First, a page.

The Middle East: A pharma market in the making

Rajesh Chhabara reports on how increased political stability, a growing population, and rising education levels are creating an emerging pharma market in the Middle East.

The Middle East represents a diverse mix of markets, with Jordan the largest Arab pharmaceutical exporter in the region and Lebanon almost entirely dependent on imports.

With the exceptions of Egypt and Israel, every country in the region is heavily dependent on imports.

According to the Jordanian Association of Pharmaceutical Manufacturers, 81 percent of its production is exported, 90 percent of which goes to other countries in the region.

Egypt is the largest market, followed by Saudi Arabia.

Other significant markets include Jordan, Lebanon, and the United Arab Emirates.

The total regional market is valued at over $12 billion and is expected to grow 10 to 15 percent annually, according to various estimates.

Smaller markets include countries such as Kuwait, estimated to be worth $365 million, and Oman, valued at $124 million.

Both rely largely on imported generics and branded drugs.

Israel spends 0.8 percent of GDP on healthcare, and local generics giant Teva Pharmaceutical Industries dominates its generics market.

Good to grow

The Middle East has witnessed healthy growth over the last five years, fuelled by liberalization of the healthcare sector by several governments.

Saudi Arabia, for example, introduced cooperative health insurance for citizens in addition to building world-class hospitals, while Israel liberalized its over-the-counter sector.

Jordan and Saudi Arabia have passed laws requiring employers to provide health insurance for employees and their families.

"When people are insured, they can go to any hospital and that expands the market," says Radi Haloub, a researcher at the University of Huddersfield and a former sales manager at Hikma Pharmaceuticals.

Generics dominate Saudi Arabia's public hospitals market, while branded drugs drive private healthcare.

However, tight price control policies mean companies don't have much freedom in pricing branded products.

Governments want to increase the share of locally produced drugs and so have been encouraging the expansion of the local industry.

Currently, the region has an estimated 450 pharma factories, mostly producing generics.

GlaxoSmithkline remains the largest multinational producer in the region, though a few other companies, including Astra Zeneca, have also established local plants.

Intellectual property problems

Inadequate protection of intellectual property has been a main concern for multinational drug companies.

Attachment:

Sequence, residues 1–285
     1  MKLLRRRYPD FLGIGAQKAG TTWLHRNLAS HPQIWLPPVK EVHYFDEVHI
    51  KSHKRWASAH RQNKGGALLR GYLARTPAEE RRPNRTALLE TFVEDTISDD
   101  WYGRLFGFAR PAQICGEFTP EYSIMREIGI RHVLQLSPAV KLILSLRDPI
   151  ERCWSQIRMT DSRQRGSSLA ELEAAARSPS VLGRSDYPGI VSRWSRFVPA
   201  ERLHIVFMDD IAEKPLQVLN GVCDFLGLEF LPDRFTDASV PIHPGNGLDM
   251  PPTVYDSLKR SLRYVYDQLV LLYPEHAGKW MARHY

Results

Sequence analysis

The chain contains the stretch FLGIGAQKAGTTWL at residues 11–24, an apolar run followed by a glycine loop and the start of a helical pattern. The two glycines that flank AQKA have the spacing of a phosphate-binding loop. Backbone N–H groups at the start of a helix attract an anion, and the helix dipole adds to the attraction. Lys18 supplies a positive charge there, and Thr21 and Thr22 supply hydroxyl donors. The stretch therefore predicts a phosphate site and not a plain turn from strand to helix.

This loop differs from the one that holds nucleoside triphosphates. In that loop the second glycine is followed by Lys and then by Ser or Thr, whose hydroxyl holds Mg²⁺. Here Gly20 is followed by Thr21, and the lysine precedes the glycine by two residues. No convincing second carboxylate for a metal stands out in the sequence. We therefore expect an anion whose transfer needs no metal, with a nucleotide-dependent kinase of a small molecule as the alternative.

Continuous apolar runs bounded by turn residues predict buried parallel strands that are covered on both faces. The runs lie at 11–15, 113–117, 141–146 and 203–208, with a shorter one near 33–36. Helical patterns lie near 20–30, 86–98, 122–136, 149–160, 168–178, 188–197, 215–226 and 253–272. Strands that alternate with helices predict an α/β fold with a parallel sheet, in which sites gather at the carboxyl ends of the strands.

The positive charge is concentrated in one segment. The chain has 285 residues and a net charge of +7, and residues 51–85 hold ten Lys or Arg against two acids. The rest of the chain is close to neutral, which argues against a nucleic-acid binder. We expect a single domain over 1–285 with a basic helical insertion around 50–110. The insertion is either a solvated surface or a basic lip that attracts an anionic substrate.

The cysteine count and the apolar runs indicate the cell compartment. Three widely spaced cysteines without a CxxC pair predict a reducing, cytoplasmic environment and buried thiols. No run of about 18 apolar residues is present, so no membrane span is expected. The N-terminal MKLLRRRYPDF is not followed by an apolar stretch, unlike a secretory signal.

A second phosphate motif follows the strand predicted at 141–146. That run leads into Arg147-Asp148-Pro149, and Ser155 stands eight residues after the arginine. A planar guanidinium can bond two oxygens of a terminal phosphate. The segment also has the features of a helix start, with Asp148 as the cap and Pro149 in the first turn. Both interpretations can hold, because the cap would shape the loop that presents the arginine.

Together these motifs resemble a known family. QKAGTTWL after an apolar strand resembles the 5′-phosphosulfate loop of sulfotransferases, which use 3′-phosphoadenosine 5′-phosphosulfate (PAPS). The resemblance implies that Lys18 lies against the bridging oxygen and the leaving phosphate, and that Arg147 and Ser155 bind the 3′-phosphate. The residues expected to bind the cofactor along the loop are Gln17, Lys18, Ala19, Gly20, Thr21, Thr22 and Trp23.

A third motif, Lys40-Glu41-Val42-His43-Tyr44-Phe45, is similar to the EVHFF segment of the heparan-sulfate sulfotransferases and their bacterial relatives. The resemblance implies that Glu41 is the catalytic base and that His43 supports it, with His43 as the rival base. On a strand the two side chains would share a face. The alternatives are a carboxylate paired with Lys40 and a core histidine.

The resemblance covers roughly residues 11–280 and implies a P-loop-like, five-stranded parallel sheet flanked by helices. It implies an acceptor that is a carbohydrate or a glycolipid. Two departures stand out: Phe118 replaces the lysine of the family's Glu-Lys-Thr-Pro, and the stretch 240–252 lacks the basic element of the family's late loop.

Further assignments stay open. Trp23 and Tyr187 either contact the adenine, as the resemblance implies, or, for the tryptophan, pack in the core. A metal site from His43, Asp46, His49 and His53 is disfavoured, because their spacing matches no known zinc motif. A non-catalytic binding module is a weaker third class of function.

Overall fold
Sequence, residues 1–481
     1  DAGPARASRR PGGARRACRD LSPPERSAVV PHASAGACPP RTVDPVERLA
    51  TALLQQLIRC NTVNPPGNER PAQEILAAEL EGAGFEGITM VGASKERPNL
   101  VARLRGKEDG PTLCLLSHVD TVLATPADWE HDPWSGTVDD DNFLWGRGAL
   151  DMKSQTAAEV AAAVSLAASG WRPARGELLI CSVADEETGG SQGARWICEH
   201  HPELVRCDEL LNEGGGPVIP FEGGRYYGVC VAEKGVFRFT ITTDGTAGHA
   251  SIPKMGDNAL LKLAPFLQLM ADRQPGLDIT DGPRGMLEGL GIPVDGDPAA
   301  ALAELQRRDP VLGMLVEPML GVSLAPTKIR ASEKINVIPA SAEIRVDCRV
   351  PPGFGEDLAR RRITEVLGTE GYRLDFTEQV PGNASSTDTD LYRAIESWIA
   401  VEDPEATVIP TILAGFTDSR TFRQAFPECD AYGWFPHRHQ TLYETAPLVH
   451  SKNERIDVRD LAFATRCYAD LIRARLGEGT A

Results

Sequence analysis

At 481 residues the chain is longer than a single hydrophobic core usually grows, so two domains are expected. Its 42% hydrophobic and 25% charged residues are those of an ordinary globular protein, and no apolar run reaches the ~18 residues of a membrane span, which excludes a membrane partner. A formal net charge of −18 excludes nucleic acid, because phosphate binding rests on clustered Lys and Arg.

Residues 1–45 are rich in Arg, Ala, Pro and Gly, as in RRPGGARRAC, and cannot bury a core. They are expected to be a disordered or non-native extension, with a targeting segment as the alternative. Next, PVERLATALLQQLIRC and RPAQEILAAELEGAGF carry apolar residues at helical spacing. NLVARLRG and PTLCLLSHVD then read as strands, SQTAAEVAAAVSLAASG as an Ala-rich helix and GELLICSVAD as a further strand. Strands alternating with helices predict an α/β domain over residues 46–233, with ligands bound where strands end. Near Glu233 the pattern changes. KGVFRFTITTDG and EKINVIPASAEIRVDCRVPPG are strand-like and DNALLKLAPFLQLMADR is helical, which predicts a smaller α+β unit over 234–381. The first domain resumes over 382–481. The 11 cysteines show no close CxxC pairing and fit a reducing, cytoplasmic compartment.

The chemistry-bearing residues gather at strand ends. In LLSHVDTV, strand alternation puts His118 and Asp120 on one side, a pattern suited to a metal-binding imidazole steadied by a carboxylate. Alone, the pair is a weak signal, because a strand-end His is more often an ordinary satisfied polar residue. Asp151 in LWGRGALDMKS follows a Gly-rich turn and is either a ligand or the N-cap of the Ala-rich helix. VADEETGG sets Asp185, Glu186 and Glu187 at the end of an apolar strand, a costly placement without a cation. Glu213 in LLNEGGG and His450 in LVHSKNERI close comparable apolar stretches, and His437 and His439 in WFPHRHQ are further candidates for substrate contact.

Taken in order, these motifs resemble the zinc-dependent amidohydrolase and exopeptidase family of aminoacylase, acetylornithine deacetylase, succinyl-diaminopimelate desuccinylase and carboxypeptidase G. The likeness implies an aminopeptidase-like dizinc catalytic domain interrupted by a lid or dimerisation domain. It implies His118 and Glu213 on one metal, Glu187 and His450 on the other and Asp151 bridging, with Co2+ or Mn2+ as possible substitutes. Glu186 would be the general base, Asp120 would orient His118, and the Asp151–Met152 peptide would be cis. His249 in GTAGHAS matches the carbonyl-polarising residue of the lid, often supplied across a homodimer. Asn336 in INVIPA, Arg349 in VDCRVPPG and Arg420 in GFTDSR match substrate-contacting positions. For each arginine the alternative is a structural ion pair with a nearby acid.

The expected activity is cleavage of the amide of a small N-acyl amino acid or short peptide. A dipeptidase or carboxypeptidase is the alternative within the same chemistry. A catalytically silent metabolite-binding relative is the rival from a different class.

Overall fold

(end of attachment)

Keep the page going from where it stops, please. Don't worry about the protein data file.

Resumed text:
In 2005, the Pharmaceutical Research and Manufacturers of America (PhRMA) estimated that its members annually lose an estimated $555 million due to patent infringement.

According to Haloub, intellectual property protection is improving in the region since most Middle Eastern nations joined the World Trade Organization.

They are now legally obliged to protect the intellectual property rights of companies.

A strong over-the-counter sales culture further differentiates the Middle Eastern markets from the West.

Even products licensed only as prescription drugs are in practice sold over-the-counter.

Ciba-Geigy estimated in the 1980s that two-thirds of its prescription drug Voltaren was sold in the Middle East as non-prescription.

Different from the West

According to Jim Ryan, a principal at IMS Health, companies need to understand local consumers in the region and their decision-making processes.

"These consumers are different from those in the West," he says.

In the Middle East, a consumer can walk into a retail pharmacy and buy almost any mainstream pharmaceutical product without a prescription.

"That in itself is not unique," Ryan says, "but when it is combined with high levels of disposable income in markets such as Saudi Arabia and the United Arab Emirates, we have an extremely interesting case study in consumer choice."

Unlike Western markets, when Middle Eastern doctors prescribe branded products, the pharmacy has no choice but to supply the product as prescribed.

"Doctors have the upper hand," Haloub says.

"A prescription culture which is very different from developed markets poses a challenge for multinational firms when it comes to promoting products."

Ryan explains that Middle Eastern sources of influence and channels of communication differ from the West, and therefore influence strategy differently.

"Word of mouth is very important and personal recommendations from friends or other family members can have a big influence," he says.

Word of mouth communication among men, for example, was a very important factor in Viagra's startling sales growth in the region.

Think like a consumer goods company

Ryan suggests that, in the Middle Eastern markets, pharma companies should think like fast-moving consumer goods companies, even if they cannot act like them.

Pharma companies can learn from consumer goods companies' strategy of building emotional brand values.

"Pharma companies have, in recent years, become increasingly aware that emotional brand values are important in promoting their products to doctors," Ryan explains.

"In markets such as Saudi Arabia, they also need to think about consumer brand perceptions and how they can be influenced."

For example, the pharmacy is a very important channel of communication and influence in Saudi Arabia.

"Many consumers seek advice in the pharmacy for common ailments or about product or brand choice," according to Ryan.

"The pharmacist has a very considerable involvement in brand recommendation and is often able to induce brand switching."

Finally, Ryan concludes, pharma companies wanting to be successful in the Middle East should accept market conditions for what they are, not what they would like them to be.

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